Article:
As I sit here hammering away at the keyboards, it’s raining like you wouldn’t believe. Well, you probably would believe. I mean, there’s no giant boats floating past with different animals at each window, or anything. It’s just a heavy rain is what I mean.

But it brings to mind my own dad. It’s the inclement weather. See, growing up, I didn’t always see a lot of my dad. He was a doctor and that kept him pretty busy. Unless there was some sort of sporting event. He made the time. Not only was he a spectator, before I hit high school and began playing on school teams, my dad more often than not was at least one of my coaches.

He wasn’t one of those — literally — fair-weather coaches, content to put their name on the trophy and leave the hard work up to someone else. Nope, Dad was out there working with us every day we practiced. If it was pouring down rain on a game day? He was waiting with us, hoping it would clear just long enough to get on the field. Heck, I remember one football game — in Dallas, Texas, mind — where it snowed the night before the game, leaving behind a nice little six-inch cover. We played anyway. And there he was, on the sidelines, cheering us on and telling us what to do. So not much different than any other day, really.

We haven’t always gotten along all that well, my dad and me. Divorce is a difficult time, not only for parents, but the relationship between Man-of-Steel-One-Sheet-Image-610x732parent and child. Some people would give up and just let the relationship whither and die. Not Dad. He kept coaching, only this time he stepped back and only subtly provided lessons that I could follow or not. He helped lay out the path back toward loving parent and loving child, but did it in such a way that it didn’t feel forced.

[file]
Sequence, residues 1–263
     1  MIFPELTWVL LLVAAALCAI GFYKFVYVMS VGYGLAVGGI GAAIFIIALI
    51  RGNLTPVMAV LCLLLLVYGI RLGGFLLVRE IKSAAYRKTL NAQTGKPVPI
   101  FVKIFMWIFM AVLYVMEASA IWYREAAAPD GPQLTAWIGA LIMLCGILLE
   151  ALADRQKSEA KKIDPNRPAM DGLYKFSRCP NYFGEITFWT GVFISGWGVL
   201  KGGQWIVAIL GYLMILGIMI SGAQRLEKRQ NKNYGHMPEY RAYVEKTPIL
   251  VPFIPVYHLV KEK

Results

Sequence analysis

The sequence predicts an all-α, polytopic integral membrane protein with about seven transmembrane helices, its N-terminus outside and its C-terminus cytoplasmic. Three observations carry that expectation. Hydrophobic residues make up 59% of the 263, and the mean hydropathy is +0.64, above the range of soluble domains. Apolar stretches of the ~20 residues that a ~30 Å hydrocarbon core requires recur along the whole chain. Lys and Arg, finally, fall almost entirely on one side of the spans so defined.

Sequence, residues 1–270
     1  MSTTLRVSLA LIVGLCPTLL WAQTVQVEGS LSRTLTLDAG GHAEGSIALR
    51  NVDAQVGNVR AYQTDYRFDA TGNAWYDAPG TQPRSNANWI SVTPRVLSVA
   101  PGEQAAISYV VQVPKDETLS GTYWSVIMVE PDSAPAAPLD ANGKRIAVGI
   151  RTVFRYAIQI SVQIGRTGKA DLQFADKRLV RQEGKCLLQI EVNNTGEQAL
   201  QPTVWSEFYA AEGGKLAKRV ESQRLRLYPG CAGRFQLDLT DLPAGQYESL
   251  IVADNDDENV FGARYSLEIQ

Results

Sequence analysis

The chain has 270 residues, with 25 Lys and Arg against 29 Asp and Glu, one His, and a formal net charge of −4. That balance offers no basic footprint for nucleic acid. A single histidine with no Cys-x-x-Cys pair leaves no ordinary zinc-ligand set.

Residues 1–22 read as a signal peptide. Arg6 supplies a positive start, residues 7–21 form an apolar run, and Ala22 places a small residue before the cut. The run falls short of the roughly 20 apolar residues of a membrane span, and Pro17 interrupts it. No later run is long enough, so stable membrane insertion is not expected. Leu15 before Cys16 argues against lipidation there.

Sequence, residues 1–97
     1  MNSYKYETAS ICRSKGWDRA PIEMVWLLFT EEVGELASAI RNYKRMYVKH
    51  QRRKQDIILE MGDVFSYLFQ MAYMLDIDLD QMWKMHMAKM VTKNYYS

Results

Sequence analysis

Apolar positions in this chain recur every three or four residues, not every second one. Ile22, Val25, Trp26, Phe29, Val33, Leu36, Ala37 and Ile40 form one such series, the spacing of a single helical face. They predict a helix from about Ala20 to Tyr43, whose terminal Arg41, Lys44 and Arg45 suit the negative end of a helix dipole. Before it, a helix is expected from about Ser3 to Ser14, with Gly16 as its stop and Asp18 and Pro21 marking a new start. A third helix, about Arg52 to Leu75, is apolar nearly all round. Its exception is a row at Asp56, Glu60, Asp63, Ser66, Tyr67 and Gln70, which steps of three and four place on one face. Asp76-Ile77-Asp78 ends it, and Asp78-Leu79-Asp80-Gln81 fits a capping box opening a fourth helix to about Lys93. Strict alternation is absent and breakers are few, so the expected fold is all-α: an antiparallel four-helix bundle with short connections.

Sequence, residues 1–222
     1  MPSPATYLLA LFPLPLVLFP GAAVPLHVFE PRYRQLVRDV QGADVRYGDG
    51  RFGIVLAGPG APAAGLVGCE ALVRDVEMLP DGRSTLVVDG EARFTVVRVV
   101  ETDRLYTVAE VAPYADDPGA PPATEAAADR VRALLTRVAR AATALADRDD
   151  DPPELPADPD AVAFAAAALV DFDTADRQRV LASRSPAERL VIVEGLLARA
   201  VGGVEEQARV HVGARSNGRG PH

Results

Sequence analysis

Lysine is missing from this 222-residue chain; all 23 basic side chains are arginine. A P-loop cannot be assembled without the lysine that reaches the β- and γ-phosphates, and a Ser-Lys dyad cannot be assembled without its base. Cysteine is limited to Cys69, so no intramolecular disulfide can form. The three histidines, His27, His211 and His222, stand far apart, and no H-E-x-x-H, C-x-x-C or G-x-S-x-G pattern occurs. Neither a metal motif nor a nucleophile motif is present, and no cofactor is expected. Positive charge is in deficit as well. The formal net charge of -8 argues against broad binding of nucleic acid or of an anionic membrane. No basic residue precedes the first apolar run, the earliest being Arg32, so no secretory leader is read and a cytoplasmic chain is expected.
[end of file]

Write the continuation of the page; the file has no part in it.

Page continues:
Which can only be a good thing further on down the line. And, so far, I’d have to say it is.

Good thing I’ve been paying attention all these years. He’s been a good coach in the full-contact sport of Dadding. I learned what to do and what not to do. Often at the very same time.

Thanks for the lessons, Dad.

You’ve been super.

Well, not this kind of super, but I think you get my meaning.

You’ll notice there was no actual serenade. Mostly that’s because I, apparently, still am having issues with the blogging platform. I tried to embed the fan-made video for R.E.M.’s song, I Am Superman, but it didn’t work.

So here’s a link to it. Go watch. Enjoy.

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Your Brain Is Still On Love

by Richard

The love drug is more than just a slang name for the already slangy Spanish Fly. (Dude, does that date me.) Love acts just like any other drug in that it can cause your brain chemistry to change, which, in turn, forces your emotions to change and alters your behavior.